During a show last week, she acknowledged that some Republicans don’t care much for Mastriano. She painted the Democratic nominee, state Attorney General Josh Shapiro, as a harbinger of both “communism and socialism,” while reaching out to people she described as “politically homeless.”

“You’re voting against that more so than you’re voting for Doug Mastriano,” she said.

Shapiro spokesperson Will Simons noted that Mastriano has threatened to have his secretary of state decertify every voting machine in the state.

Simons said Shapiro is “focused on winning this race before making any decisions” about whom to appoint.

Mastriano wins U.S. House support — mostly

Eight of Pennsylvania’s nine Republican members of the U.S. House endorsed Mastriano on Monday, after he met with most of the delegation in Washington last week.

The holdout was Rep. Brian Fitzpatrick, the Bucks County Republican who did not attend the meeting and still hasn’t met with Mastriano.

A Fitzpatrick spokesperson said he is “open to hearing from him prior to the Fall elections.”

Mastriano is trying to present an image of GOP unity in response to a pair of Republican-led super PACs that have declared him unacceptable for the job.

This isn’t the first time Fitzpatrick, who casts himself as a moderate, has held off on backing a controversial candidate from his own party. He has endorsed Mehmet Oz, the Republican nominee for U.S. Senate, who also has Trump’s endorsement.

But Fitzpatrick said he didn’t vote for Trump in 2016 and refused to say if he would vote for him before the 2020 election. He later said he didn’t vote for Trump in 2020, after seeking to censure Trump but voting against impeaching him for inciting the Jan. 6 Capitol riot.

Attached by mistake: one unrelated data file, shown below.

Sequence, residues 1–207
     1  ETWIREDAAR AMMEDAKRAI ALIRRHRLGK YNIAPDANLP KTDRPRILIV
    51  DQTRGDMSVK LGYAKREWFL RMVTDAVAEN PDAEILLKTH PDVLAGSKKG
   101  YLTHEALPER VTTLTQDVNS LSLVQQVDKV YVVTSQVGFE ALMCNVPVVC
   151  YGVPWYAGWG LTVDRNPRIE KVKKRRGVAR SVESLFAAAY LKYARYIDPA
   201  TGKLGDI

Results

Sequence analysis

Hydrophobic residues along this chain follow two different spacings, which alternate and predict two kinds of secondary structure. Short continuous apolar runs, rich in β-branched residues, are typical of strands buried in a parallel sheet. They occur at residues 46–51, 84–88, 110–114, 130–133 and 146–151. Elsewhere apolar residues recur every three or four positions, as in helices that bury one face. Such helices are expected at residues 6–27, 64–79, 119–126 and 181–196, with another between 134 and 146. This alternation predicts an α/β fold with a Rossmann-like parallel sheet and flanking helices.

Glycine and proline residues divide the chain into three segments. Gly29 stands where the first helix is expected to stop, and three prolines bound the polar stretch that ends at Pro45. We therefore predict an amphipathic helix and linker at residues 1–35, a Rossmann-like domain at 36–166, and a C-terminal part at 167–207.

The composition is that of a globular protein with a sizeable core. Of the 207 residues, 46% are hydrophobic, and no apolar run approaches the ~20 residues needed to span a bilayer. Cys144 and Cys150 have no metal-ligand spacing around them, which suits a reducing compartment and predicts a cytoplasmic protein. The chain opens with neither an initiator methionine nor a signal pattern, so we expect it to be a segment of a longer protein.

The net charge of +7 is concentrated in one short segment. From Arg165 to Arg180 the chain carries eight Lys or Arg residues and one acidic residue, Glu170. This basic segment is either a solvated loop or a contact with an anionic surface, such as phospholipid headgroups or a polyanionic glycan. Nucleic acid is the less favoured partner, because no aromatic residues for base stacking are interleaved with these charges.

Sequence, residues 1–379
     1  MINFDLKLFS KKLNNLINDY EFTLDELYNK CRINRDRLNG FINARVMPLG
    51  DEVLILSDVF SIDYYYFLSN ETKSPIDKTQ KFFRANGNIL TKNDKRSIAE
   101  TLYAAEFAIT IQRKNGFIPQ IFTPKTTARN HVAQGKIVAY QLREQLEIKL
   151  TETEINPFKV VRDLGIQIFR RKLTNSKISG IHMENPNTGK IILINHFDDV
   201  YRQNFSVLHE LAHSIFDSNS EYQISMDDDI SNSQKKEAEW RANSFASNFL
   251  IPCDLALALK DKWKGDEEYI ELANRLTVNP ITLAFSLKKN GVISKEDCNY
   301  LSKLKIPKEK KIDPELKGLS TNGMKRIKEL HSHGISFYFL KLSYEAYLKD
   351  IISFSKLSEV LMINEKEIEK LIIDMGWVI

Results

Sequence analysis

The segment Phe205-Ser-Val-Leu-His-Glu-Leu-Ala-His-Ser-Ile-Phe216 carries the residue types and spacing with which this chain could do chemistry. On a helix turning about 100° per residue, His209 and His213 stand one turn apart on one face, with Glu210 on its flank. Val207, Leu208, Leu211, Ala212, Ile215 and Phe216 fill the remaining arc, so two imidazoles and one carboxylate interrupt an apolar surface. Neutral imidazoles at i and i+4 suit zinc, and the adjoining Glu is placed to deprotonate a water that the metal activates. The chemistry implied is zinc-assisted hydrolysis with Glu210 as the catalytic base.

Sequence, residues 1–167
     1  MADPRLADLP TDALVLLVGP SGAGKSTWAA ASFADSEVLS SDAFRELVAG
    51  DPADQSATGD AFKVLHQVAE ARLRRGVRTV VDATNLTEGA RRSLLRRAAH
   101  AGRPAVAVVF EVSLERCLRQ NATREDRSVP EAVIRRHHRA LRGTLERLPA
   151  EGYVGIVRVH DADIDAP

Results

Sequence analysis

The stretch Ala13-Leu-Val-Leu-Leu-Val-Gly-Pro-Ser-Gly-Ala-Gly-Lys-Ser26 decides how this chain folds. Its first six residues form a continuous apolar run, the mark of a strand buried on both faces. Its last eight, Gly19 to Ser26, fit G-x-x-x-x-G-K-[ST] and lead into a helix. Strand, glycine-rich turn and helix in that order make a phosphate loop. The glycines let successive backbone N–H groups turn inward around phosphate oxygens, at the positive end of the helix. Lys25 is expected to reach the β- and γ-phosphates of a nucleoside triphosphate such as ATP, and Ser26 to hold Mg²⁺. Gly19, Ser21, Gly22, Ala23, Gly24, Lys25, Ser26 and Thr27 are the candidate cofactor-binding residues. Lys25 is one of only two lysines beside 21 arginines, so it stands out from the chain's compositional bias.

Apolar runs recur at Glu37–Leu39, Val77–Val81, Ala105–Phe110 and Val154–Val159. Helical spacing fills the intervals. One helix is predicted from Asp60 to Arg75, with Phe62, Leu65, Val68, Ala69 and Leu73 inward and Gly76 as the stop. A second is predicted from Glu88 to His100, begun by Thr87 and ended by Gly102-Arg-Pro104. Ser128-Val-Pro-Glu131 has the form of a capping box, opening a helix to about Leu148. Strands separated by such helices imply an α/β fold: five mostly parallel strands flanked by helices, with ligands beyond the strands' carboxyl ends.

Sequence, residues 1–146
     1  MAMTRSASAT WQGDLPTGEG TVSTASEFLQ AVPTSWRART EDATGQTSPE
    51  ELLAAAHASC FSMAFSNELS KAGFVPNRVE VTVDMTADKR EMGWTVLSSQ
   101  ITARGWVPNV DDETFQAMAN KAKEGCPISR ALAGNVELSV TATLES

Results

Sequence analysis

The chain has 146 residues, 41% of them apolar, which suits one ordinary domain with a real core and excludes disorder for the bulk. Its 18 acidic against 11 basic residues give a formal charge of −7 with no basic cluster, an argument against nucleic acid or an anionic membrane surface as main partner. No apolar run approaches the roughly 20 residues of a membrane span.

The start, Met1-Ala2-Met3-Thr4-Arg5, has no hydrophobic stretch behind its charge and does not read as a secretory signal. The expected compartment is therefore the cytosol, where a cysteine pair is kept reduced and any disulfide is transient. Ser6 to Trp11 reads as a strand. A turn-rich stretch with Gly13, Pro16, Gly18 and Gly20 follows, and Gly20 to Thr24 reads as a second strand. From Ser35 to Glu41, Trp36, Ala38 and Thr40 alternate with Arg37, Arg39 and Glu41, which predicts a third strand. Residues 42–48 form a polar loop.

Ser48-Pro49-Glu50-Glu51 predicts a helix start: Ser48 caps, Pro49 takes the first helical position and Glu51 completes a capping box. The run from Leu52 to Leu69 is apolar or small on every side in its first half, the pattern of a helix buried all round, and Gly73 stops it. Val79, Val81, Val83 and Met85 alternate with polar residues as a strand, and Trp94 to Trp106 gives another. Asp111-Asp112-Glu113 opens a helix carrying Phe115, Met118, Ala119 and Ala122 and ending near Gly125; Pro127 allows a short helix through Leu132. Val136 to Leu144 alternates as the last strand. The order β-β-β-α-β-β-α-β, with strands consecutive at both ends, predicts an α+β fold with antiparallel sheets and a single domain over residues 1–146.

Mastriano attended Trump’s Jan. 6 rally and was later photographed near the steps of the Capitol, beyond police lines. He has been subpoenaed by the House Select Committee investigating the attack on the Capitol and denies any wrongdoing.

Bipartisan hypocrisy on Act 77

Let’s take a minute to appreciate how fluid political positions have been for the state’s sweeping rewrite of election law since 2019.

Many Democrats in the state House and Senate opposed the legislation because it eliminated a “straight-party” option that allowed voters to support all the candidates from one political party on the ballot with a single vote. The vast majority of Republicans supported the legislation.

Democrats now call the Democratic-controlled state Supreme Court’s upholding of the law a victory for voting rights after decrying a ruling in January from the Republican-controlled Commonwealth Court that struck down the law.

State Sen. Sharif Street of Philadelphia, chair of the state Democratic Party, voted against the measure in 2019 — and praised it as “bipartisan” when it was upheld this week.

Republicans, of course, decried this week’s ruling as politically motivated after hailing January’s ruling as righteous.

Mastriano chalked this week’s ruling up to the court’s “partisan loyalty.”

Shapiro, in his role as attorney general, said this week’s ruling “provided certainty to voters” after “consistent attacks on our election system.”

Clout provides often irreverent news and analysis about people, power, and politics.